Frequent reader and all-around great guy Ben Stafford sent in a link about innovation that got me thinking.
This article's author laments that business gurus galore tell us that we should all innovate. Everyone--from the CEO down to the janitor--should step up to the innovation plate and swing for the rafters. He claims that this is bunk. Some people are just better at innovation, and some people aren't; you should play to strengths, and lose the "innovation" rhetoric.
I invite you to put on your MBM hats (or monocles or berets or what have you) and think about innovation for a moment.
First, what dimension would you put it in? I have my ideas, but would love to hear your interpretations.
Second, is the above author correct in saying that--just like everything else--innovation is a skill that some people excel at and others struggle with, and hence you should have some employees specializing in that skill while others leave it be? Or, should all of us--every employee--innovate wherever possible? [I know, I know.... A false dichotomy, you decry, but perhaps an interesting one.]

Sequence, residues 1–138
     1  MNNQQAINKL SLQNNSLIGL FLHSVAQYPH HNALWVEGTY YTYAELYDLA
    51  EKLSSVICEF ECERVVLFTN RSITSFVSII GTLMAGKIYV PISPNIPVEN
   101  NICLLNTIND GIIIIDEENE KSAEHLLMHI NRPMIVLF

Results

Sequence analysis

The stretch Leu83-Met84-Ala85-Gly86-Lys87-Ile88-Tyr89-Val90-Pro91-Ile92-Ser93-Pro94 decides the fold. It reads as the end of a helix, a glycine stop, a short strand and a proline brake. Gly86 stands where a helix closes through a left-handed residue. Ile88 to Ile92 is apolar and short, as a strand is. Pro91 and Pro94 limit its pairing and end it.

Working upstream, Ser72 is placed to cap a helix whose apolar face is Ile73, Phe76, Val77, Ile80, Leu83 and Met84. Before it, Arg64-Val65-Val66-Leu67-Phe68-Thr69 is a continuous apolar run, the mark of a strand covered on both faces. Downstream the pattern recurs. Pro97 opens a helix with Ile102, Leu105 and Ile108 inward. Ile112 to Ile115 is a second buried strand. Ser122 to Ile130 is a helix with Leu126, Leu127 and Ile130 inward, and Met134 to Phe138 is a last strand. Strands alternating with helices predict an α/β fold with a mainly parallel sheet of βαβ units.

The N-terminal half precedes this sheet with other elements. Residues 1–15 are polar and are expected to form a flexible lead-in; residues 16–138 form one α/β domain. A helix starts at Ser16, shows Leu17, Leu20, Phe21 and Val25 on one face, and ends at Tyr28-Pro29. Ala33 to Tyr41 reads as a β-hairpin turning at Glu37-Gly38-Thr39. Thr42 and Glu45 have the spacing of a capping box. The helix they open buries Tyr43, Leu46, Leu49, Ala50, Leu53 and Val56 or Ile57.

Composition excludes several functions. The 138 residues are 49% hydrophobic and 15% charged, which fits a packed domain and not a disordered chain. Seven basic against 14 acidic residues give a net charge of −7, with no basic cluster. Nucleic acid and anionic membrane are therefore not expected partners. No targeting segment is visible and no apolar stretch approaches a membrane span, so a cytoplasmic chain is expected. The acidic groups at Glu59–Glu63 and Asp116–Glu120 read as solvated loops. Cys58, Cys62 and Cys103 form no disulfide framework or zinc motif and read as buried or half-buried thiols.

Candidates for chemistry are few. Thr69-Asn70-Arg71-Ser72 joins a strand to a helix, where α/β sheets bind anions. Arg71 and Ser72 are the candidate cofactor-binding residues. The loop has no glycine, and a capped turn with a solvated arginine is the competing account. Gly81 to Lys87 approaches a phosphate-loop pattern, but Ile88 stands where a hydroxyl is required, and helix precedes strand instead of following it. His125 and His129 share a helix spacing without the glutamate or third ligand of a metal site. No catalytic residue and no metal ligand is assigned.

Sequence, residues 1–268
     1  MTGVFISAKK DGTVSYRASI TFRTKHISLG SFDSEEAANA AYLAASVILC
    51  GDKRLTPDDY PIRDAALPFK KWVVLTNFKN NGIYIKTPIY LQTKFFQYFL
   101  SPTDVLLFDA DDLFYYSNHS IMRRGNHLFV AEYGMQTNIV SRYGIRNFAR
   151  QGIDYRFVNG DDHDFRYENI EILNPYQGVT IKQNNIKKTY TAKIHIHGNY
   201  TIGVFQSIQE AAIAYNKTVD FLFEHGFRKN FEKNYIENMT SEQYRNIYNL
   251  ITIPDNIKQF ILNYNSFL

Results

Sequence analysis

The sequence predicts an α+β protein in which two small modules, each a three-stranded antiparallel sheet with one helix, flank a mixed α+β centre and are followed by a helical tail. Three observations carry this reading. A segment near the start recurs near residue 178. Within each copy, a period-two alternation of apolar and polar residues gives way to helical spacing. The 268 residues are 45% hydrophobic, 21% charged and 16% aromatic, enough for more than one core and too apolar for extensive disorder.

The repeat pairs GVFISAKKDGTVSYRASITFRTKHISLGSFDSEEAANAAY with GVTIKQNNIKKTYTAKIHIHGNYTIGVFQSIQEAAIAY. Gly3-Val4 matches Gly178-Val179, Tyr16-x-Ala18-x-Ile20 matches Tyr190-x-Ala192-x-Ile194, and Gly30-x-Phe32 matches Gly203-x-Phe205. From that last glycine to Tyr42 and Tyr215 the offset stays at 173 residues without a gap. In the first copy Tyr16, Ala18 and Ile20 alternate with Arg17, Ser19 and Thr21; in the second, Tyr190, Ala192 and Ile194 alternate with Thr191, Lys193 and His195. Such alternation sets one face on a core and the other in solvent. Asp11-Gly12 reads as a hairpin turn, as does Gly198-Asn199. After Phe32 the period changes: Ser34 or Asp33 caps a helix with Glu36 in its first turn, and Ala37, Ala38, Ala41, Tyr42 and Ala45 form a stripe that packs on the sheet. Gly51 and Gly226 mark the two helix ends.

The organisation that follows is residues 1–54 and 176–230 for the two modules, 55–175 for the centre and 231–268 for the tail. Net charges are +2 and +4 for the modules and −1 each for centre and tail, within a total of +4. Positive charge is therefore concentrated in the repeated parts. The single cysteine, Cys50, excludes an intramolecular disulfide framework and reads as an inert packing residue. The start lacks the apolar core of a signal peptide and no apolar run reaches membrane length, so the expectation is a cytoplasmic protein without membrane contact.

Just to add a wrinkle to things, I'll point out the the Guiding Principle "Principled Entrepreneurship" asks that we "demonstrate...initiative...and critical thinking skills," and "Customer Focus" says that we should "profitably anticipate" needs of customers--arguably a poor-man's version of "innovation"--in all that we do (but then again, arguably not).
What do you think? Let us know in the comments below.
p.s. If you'd like to be as awesome as Ben and send links, questions, blog-post ideas or guest posts our way, please email! [andy dot gillette at cgkfoundation.org]